Kathu language

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Native to China
Region Guangnan County
Ethnicity Yi
Native speakers
5,000 (2007)[1]
Language codes
ISO 639-3 ykt
Glottolog kath1251[2]

Kathu (Thou; Chinese: 嘎苏话) is a Lolo-Burmese language of Balong (坝聋), Nanping Township (南屏镇), Guangnan County, Yunnan, China.[3] The Kathu are locally known as the White Yi (白彝). Wu Zili (2004) estimates that Kathu has a total of more than 7,000 speakers in Guangnan County (including in Dayashao 大牙少[4]), as well as in Jinping County, Yunnan. Ethnologue mentions a possible presence in Guangxi Province.

Kathu is notable for having initial consonant clusters, which within the Lolo-Burmese branch are also found in Written Burmese (Old Burmese) and Jinuo (Hsiu 2014:66).[5] Wu (2004) lists the onset clusters pl, pʰl, bl, ml, kl, kʰl, gl, ql, qʰl, ɢl, ŋl.


Hsiu (2014:65)[5] identifies two varieties, both spoken in Nanping Township (南屏镇).

  • Kathu (autonym: ka˧θu˧), spoken in Anwang village 安王村
  • Thou (autonym: θou̯˥˧), spoken in Balong village 坝聋村


Kathu vocabulary is largely similar to those of other Mondzish languages. However, there are various words that do not appear to be of Lolo-Burmese origin, and are derived from an unknown Tibeto-Burman branch (Hsiu 2014).[5] Hsiu (2014) suggests that Kathu could be added to George van Driem's list of Trans-Himalayan "fallen leaves."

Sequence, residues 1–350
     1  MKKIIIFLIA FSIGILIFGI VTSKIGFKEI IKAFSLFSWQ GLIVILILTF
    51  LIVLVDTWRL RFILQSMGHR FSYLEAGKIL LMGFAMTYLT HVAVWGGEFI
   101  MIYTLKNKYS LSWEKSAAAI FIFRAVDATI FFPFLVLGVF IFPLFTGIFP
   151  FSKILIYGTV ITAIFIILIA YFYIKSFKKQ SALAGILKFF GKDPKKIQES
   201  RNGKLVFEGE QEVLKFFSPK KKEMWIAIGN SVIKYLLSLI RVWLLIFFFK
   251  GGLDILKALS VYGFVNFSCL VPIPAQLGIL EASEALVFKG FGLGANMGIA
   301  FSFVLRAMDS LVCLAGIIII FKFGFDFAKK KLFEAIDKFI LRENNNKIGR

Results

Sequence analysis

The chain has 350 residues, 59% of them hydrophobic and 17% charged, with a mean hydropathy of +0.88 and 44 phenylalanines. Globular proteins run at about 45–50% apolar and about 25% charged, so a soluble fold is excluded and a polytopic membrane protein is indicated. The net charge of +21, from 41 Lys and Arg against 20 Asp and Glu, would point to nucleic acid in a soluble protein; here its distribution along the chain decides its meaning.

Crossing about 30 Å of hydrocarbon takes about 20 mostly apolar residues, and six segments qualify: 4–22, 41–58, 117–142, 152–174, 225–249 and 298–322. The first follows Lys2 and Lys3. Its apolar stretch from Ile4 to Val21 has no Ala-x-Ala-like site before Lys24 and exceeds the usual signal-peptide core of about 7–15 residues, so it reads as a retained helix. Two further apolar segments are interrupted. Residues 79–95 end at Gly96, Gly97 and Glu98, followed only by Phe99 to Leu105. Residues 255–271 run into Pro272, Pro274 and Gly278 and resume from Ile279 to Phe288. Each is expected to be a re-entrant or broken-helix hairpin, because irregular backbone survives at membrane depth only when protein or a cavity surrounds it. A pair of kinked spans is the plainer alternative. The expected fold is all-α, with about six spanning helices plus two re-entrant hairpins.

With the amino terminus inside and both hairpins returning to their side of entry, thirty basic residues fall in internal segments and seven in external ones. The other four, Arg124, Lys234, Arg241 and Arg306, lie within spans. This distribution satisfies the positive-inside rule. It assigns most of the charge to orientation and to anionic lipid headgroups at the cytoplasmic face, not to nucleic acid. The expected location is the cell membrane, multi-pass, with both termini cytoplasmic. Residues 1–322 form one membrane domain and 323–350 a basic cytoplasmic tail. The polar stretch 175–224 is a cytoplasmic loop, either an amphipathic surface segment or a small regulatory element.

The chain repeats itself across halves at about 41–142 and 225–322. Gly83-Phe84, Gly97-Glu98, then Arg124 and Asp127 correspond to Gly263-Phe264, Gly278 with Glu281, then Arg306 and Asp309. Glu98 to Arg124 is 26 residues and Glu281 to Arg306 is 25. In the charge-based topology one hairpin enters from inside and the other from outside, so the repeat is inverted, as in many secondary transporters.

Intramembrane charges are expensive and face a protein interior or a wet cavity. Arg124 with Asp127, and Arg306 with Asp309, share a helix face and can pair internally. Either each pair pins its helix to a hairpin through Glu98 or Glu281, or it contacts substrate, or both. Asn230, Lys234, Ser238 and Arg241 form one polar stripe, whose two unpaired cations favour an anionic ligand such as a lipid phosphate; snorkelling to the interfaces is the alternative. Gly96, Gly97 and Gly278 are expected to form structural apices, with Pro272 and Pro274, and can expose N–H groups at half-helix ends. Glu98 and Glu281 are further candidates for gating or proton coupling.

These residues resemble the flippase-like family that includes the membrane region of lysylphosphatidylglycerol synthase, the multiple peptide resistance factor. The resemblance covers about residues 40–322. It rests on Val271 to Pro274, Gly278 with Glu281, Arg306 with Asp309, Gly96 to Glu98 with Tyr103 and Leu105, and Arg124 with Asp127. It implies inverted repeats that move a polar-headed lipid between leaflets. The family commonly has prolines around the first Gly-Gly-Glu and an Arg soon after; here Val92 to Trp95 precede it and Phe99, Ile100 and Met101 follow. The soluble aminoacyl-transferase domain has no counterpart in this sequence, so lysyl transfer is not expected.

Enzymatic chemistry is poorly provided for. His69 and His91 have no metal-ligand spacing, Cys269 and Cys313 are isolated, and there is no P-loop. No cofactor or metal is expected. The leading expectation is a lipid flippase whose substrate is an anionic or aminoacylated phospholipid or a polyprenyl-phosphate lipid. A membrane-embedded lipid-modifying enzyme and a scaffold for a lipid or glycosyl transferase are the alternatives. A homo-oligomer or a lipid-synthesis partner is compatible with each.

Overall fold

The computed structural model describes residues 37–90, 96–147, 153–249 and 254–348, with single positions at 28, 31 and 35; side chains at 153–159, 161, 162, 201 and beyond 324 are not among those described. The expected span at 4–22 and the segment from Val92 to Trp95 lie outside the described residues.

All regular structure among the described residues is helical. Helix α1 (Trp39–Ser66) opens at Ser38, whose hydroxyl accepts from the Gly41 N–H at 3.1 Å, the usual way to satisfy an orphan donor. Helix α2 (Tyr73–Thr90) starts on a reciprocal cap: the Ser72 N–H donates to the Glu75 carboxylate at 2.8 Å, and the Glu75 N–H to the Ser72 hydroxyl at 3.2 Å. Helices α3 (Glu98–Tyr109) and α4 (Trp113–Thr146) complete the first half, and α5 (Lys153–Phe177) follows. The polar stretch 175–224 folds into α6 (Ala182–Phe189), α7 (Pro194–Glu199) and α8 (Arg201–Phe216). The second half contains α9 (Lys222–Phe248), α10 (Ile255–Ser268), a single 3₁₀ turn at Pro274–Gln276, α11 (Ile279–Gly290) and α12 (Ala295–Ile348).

Bradley (1997)[6] classified Kathu as a Northern Loloish language, while Bradley (2007)[7] classified it as a Southeastern Loloish language. However, Pelkey (2011:458)[8] notes that Kathu and Mo'ang are not Southeastern Loloish languages.


  1. ^ Kathu at Ethnologue (18th ed., 2015)
  2. ^ Hammarström, Harald; Forkel, Robert; Haspelmath, Martin, eds. (2017). "Kathu". Glottolog 3.0. Jena, Germany: Max Planck Institute for the Science of Human History. 
  3. ^ http://www.ynszxc.gov.cn/villagePage/vIndex.aspx?departmentid=229605
  4. ^ http://www.ynszxc.gov.cn/villagePage/vIndex.aspx?departmentid=229567
  5. ^ a b c Hsiu, Andrew. 2014. "Mondzish: a new subgroup of Lolo-Burmese". In Proceedings of the 14th International Symposium on Chinese Languages and Linguistics (IsCLL-14). Taipei: Academia Sinica.
  6. ^ Bradley, David. 1997. "Tibeto-Burman languages and classification". In Tibeto-Burman languages of the Himalayas, Papers in South East Asian linguistics. Canberra: Pacific Linguistics.
  7. ^ Bradley, David. 2007. East and Southeast Asia. In Moseley, Christopher (ed.), Encyclopedia of the World's Endangered Languages, 349-424. London & New York: Routledge.
  8. ^ Pelkey, Jamin. 2011. Dialectology as Dialectic: Interpreting Phula Variation. Berlin: De Gruyter Mouton.